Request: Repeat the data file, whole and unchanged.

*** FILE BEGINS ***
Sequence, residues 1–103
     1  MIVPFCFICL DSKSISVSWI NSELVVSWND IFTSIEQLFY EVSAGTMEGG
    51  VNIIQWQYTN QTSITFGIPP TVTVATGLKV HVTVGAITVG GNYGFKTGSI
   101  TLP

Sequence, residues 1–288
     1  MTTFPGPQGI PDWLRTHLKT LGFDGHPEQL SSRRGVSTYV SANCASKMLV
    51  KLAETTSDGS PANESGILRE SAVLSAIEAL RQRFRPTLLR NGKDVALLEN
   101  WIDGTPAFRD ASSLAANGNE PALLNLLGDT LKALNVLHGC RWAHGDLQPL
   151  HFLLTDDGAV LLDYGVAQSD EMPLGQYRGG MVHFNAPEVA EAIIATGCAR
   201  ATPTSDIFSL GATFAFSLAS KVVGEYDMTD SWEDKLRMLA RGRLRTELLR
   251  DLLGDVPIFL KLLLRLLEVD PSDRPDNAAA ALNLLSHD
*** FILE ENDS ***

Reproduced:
Sequence, residues 1–103
     1  MIVPFCFICL DSKSISVSWI NSELVVSWND IFTSIEQLFY EVSAGTMEGG
    51  VNIIQWQYTN QTSITFGIPP TVTVATGLKV HVTVGAITVG GNYGFKTGSI
   101  TLP

Sequence, residues 1–288
     1  MTTFPGPQGI PDWLRTHLKT LGFDGHPEQL SSRRGVSTYV SANCASKMLV
    51  KLAETTSDGS PANESGILRE SAVLSAIEAL RQRFRPTLLR NGKDVALLEN
   101  WIDGTPAFRD ASSLAANGNE PALLNLLGDT LKALNVLHGC RWAHGDLQPL
   151  HFLLTDDGAV LLDYGVAQSD EMPLGQYRGG MVHFNAPEVA EAIIATGCAR
   201  ATPTSDIFSL GATFAFSLAS KVVGEYDMTD SWEDKLRMLA RGRLRTELLR
   251  DLLGDVPIFL KLLLRLLEVD PSDRPDNAAA ALNLLSHD